Georgic trope in Alcott’s Transcendental Wild Oats

Louisa May Alcott’s Transcendental Wild Oats demonstrates the georgic trope found in ecocritical literature, concentrating on the portion of the passage when the Utopian community, Fruitland, was inhabited.  The georgic trope in Alcott’s Transcendental Wild Oats resembles the Biblical example that is described as incorporating religious significances with agriculture practices.

Greg Garrard’s Ecocriticism: The New Critical Idiom, describes the Biblical georgic trope’s goal as “dispensation of sacred law to a chosen people” (Garrard, 109).  The georgic trope is portrayed in Alott’s Transcendental Wild Oats as those who live in the Utopian community Fruitland as sharing the common belief “that Nature knew what was best for them, and would generously supply their needs” (Alcott, 36-37).  By strictly following the Biblical georgic trope described by Garrard, the inhabitants of Fruitland believed as Abel Lamb describe as believing in:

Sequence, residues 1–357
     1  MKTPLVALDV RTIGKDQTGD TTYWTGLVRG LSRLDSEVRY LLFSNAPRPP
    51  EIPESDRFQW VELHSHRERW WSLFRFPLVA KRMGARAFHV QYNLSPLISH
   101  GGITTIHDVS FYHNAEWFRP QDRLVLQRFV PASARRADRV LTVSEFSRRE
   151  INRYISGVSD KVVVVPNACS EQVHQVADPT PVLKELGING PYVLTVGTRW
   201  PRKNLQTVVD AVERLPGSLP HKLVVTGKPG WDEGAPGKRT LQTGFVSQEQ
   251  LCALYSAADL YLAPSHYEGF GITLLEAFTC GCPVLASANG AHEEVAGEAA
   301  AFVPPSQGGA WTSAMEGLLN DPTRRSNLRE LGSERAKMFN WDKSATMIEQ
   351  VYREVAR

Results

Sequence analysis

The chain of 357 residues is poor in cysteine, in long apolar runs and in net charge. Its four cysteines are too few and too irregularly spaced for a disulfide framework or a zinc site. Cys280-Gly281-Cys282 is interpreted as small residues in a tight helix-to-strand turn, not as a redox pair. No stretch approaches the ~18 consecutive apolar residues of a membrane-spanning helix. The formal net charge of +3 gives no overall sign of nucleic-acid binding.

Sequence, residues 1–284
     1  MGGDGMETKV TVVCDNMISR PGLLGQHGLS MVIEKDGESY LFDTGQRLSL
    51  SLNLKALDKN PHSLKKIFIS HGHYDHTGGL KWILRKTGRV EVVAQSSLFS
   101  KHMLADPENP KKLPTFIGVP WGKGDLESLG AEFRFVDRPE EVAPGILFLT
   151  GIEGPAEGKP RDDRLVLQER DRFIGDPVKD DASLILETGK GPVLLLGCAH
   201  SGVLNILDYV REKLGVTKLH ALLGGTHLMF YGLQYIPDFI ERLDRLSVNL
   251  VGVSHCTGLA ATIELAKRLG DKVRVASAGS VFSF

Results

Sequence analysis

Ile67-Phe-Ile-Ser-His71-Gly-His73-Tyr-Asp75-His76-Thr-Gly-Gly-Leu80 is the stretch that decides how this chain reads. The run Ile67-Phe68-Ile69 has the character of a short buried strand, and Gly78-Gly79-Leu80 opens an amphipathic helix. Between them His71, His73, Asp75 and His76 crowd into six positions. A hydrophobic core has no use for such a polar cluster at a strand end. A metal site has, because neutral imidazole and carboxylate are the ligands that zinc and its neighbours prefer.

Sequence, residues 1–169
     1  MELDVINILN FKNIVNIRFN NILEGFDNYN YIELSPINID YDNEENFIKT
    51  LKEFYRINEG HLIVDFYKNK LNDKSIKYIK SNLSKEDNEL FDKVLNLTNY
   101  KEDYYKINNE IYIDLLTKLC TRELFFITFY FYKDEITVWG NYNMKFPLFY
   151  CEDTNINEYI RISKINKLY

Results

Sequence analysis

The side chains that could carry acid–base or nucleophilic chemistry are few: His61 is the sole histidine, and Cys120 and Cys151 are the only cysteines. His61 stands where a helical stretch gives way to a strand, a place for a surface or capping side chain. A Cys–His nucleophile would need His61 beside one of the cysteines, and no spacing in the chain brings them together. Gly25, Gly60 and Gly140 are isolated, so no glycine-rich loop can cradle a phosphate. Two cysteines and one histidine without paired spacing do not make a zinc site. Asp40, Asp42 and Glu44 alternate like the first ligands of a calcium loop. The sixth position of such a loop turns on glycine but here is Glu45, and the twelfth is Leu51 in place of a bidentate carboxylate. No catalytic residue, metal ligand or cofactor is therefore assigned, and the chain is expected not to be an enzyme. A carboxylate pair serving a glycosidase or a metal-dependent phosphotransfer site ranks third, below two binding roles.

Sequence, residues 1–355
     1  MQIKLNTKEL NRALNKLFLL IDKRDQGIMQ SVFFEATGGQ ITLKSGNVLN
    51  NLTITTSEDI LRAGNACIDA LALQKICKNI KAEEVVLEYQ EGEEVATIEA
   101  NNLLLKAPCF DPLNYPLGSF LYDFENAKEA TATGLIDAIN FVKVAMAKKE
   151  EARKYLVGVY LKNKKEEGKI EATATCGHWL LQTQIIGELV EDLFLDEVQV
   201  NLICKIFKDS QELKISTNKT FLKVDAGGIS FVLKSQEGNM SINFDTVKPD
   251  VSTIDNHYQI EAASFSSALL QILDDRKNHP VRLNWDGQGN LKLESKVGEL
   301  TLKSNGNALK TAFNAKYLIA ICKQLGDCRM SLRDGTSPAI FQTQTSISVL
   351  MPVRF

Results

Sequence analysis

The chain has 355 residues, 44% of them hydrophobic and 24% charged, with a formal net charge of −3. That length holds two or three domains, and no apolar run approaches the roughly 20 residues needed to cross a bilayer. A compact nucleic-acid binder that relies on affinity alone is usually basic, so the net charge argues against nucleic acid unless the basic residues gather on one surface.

the devoutest faith in the high ideal which was to him a living truth, desired to plant aParadise, where Beauty, Virtue, Justice, and Love might live happily together, without the possibility of a serpent entering in (Alcott, 31).

The readers are lead to believe that Abel Lamb is the leader of Fruitland and that those who lived in the Utopian community would share his philosophy.

The georgic trope relationship is translated through the belief that Nature is the all powerful, supernatural provider that dictates what resources are available.  Believing in Nature as a provider allows those who live in Fruitland to pursue a state of harmony orParadiseas Abel Lamb described above.

However, the inhabitants of Fruitland although they perceive Nature as a powerful authority, they also see Nature as delicate and pure as Alcott describes keeping the soil virgin and to not be polluted by manure, “The garden was planted with a generous supply of useful roots and herbs; but, as manure was not allowed to profane the virgin soil, few of these vegetable treasures” (Alcott, 36).

Alcott, Loisa May. Loisa May Alcott: An Intimate Anthology. Ch/Art: Transcendental Wild oats p. 28-45. pub. Doubleday Sept 1997

Garrard, Greg. Ecocriticism.New York: Routledge, 2004.

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